Krajicek even queried the call to the Chair Umpire such was his disappointment at not maintaining his 100% record this week.

It means that the Dutchman must now beat Sergi Bruguera, who overcame Henri Leconte 6-3, 6-4, to stand a chance of making the final. He must also hope that Leconte defeats Stich on Saturday.

In the Ndlovu Group (Group B), Yevgeny Kafelnikov lost again, but this time he pushed Paul Haarhuis all the way. Haarhuis has kept himself in immaculate shape while Kafelnikov is still trying to regain full fitness, and in the end, it showed.

The Russian took the first set 7-5, showing glimpses of the sparkling return of serve that took him to No.1 in the world. But Haarhuis hit back to win the second 6-3 and then the Champions’ Tie-Break 10-7.

In the final match of the day, Goran Ivanisevic assured his place in the final with a thumping 6-4, 6-4 win over Michael Chang.

Matches are played over the best of three sets, with a Champions’ Tie-break (first to 10 points with a clear advantage of two) to decide the winner.  After all round-robin matches are complete, the top two players in each group will meet in Sunday’s final.

Last week in Luxembourg, John McEnroe won his first BlackRock Tour of Champions title in three years by defeating Leconte to take the Vivium Victory Challenge.

After Eindhoven, the Tour moves on to the Tennis Classics in Budapest. It will be the first time that the BlackRock Tour of Champions has visited Hungary. McEnroe and Bjorn Borg will both be in action.

In the final event of the year, Pete Sampras and Stefan Edberg will take on McEnroe and Ivanisevic in an eight-man field at the BlackRock Masters Tennis in London, December 2-7.

LATEST STANDINGS

GROUP A (The Miracle)

Matches won/lost (sets)

Sergi Bruguera                                                                    2-0 (4-0)

Richard Krajicek                                                  1-1 (3-2)

Michael Stich                                                                        1-1 (2-3)

Henri Leconte                                                                      0-2 (0-4)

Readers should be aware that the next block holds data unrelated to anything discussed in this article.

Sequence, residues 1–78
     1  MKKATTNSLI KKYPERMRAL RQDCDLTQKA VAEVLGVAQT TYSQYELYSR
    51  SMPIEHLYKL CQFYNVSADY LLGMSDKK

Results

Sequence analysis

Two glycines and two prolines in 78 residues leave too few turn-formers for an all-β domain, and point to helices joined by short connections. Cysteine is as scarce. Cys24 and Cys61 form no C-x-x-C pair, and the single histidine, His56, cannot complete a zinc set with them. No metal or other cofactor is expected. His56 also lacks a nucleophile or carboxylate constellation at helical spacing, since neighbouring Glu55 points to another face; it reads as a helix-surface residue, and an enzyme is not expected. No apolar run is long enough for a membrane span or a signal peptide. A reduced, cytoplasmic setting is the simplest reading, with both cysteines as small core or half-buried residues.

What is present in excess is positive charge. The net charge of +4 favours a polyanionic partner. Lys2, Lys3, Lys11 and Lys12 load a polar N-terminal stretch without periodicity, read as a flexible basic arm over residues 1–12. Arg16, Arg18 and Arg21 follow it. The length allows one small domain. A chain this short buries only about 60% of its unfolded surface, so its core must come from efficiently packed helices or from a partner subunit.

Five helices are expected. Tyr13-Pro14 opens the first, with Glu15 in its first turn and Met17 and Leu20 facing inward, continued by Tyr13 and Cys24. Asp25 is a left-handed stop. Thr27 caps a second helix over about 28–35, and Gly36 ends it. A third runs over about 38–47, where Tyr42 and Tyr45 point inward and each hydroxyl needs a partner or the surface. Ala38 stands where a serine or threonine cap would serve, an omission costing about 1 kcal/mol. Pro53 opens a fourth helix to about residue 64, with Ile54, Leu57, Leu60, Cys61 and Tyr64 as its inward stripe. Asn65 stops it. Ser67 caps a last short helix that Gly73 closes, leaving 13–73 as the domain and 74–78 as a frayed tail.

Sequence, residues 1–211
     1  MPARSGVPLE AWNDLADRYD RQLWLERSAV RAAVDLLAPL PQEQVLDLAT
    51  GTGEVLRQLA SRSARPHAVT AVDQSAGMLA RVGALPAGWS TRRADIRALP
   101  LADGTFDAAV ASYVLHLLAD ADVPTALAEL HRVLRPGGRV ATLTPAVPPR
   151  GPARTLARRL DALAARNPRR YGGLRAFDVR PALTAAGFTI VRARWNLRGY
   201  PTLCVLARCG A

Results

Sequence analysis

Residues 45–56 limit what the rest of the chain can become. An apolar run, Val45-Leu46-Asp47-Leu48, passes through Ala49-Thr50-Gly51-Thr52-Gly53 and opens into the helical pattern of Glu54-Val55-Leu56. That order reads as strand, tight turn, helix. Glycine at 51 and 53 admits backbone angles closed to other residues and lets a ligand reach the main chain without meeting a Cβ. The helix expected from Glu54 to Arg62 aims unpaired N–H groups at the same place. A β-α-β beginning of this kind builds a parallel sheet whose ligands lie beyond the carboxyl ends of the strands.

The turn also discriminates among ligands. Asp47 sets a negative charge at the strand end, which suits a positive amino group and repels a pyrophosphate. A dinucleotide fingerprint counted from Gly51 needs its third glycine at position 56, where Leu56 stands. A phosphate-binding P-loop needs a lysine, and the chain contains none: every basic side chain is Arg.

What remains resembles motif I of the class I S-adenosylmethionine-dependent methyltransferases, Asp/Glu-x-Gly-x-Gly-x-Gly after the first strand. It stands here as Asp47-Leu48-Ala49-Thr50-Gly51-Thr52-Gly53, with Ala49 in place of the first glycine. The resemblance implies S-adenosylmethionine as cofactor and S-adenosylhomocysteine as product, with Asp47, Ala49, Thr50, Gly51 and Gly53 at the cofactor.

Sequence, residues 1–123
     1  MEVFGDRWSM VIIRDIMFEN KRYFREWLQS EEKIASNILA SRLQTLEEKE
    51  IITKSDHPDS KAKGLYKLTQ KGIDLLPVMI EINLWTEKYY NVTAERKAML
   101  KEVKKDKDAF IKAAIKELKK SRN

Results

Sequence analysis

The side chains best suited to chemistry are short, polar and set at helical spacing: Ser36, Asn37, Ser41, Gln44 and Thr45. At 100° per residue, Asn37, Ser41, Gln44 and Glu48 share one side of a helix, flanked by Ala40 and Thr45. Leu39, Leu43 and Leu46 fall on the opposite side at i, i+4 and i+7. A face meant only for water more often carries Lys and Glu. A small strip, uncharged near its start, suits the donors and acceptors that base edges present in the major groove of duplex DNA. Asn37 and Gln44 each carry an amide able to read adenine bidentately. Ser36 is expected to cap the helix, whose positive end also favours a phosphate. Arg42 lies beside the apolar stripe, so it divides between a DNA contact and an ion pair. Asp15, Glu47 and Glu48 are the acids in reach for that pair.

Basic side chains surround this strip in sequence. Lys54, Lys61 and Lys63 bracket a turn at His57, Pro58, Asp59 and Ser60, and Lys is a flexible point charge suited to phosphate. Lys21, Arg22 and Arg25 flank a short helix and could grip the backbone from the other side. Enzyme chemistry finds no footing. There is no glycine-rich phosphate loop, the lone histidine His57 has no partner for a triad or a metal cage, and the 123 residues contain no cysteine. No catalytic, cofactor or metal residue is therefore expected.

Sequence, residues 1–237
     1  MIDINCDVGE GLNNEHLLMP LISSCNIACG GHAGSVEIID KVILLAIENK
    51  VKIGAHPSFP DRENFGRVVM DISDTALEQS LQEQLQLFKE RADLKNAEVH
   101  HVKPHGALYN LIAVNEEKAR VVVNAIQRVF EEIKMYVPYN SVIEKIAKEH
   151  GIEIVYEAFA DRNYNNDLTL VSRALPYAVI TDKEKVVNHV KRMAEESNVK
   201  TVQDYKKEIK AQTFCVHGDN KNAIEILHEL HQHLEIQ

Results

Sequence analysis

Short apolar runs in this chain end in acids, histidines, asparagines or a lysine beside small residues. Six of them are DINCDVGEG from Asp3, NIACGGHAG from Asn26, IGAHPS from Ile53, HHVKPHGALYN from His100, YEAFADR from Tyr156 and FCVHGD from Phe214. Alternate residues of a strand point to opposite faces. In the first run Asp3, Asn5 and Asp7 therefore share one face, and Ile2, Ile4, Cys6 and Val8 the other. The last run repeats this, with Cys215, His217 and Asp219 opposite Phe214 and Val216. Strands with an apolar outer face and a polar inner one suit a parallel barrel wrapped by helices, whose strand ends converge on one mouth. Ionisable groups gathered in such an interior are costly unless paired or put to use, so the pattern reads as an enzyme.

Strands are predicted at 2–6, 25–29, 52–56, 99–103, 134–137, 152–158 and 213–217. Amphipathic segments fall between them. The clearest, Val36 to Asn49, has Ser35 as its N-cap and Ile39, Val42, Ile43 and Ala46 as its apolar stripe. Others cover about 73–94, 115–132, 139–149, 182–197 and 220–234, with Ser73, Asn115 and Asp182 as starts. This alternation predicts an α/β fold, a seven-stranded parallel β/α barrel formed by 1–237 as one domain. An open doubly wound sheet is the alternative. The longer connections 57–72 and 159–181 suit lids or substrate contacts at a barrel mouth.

GROUP B (Ndlovu)

Goran Ivanisevic                                                                  2-0 (4-1)

Michael Chang                                                                    1-1 (2-2)

Paul Haarhuis                                                                      1-1 (3-3)

Yevgeny Kafelnikov                                                             0-2 (1-4)

RESULTS

Friday, 3rd October, 2008

Sergi Bruguera d. Henri Leconte 6-3, 6-4

Paul Haarhuis d. Yevgeny Kafelnikov 5-7, 6-3, 10-7 (Champions’ Tie-break)

Michael Stich d. Richard Krajicek 6-3, 3-6, 12-10 (Champions’ Tie-Break)

Goran Ivanisevic d. Michael Chang 6-4, 6-4

SCHEDULE

Saturday 4th October – Afternoon session

At 1pm

H. Leconte vs. M. Stich

P. Haarhuis vs. M. Chang

Saturday 4th October – Evening session

At 6.30pm

G. Ivanisevic – Y. Kafelnikov

S. Bruguera – R. Krajicek

Sunday 5th October

1.45pm

3rd/4th place play-off

Final

BLACKROCK TOUR OF CHAMPIONS POINTS ALLOCATION

Winner -                400 points

Finalist -                250 points

3rd place -            200 points

4th place -            125 points

5/6th place -  80 points

7/8th place -          60 points

SOUTH AFRICAN AIRWAYS 2008 TOUR OF CHAMPIONS RANKINGS (after ten events)

POS.       PLAYER                                                PTS

1              Marcelo Rios                                        1130

2              Goran Ivanisevic             970

3              Michael Stich                   900

4              Henri Leconte                      830

5        Cedric Pioline                            740

6              Thomas Muster                    655

7              Sergi Bruguera                    610

8              Anders Jarryd                        525

9        John McEnroe                     480

10=         Marc-Kevin Goellner (WC)                455

10=         Fernando Meligeni (WC)   455

12           Pat Cash                                                420

13=         Patrick Rafter                         400

13=         Pete Sampras                       400

13=   Stefan Edberg                      400

16           Mikael Pernfors                    330

17           Chris Wilkinson (WC)          325

18=         Jaime Oncins (WC)                              200

18=    Johny Goudenbour             200

20           Bjorn Borg                                              185

21=   Guy Forget                           125

21=         Jeremy Bates (WC)                             125

21=         Albert Costa                                          125

21=  Carl Uwe Steeb                           120

21= Guillermo Vilas                                            120

26=  Mats Wilander                        80

26=  Joao Cunha e Silva (WC)          80

26=         Magnus Larsson                   80